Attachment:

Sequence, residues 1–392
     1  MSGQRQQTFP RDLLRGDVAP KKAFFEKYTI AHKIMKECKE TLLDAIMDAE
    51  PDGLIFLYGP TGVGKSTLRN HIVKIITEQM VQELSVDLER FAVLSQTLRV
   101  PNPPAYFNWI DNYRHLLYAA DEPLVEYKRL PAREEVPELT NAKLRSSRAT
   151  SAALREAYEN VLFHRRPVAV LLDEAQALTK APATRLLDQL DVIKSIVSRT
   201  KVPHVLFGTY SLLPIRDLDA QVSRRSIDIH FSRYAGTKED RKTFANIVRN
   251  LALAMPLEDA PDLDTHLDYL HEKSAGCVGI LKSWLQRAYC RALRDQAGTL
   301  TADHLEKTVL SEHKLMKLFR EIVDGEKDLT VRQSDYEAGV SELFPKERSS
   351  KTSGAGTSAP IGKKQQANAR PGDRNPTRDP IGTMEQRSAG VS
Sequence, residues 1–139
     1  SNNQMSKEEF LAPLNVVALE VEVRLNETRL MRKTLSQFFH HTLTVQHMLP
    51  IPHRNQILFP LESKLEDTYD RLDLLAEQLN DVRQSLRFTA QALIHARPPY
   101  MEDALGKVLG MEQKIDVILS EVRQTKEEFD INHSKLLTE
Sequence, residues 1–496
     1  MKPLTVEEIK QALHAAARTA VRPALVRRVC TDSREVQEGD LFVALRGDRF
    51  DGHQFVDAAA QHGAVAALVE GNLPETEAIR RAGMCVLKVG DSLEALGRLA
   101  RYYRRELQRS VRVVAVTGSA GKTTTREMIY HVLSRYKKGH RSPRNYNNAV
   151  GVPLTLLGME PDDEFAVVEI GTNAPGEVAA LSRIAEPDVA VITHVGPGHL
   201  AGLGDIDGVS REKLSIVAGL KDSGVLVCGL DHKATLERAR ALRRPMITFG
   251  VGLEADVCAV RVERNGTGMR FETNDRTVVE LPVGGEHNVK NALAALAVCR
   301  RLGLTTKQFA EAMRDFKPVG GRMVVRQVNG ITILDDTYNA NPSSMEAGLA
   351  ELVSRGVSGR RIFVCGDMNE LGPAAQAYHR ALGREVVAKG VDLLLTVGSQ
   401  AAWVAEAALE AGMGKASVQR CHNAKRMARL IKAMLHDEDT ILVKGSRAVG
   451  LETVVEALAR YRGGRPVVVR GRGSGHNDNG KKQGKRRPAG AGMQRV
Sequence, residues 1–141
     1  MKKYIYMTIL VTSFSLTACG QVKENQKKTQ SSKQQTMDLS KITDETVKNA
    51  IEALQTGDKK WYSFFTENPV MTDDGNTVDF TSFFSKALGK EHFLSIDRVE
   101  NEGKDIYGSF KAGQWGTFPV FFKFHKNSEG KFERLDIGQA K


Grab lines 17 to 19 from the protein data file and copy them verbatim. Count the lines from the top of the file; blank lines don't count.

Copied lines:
   101  RYYRRELQRS VRVVAVTGSA GKTTTREMIY HVLSRYKKGH RSPRNYNNAV
   151  GVPLTLLGME PDDEFAVVEI GTNAPGEVAA LSRIAEPDVA VITHVGPGHL
   201  AGLGDIDGVS REKLSIVAGL KDSGVLVCGL DHKATLERAR ALRRPMITFG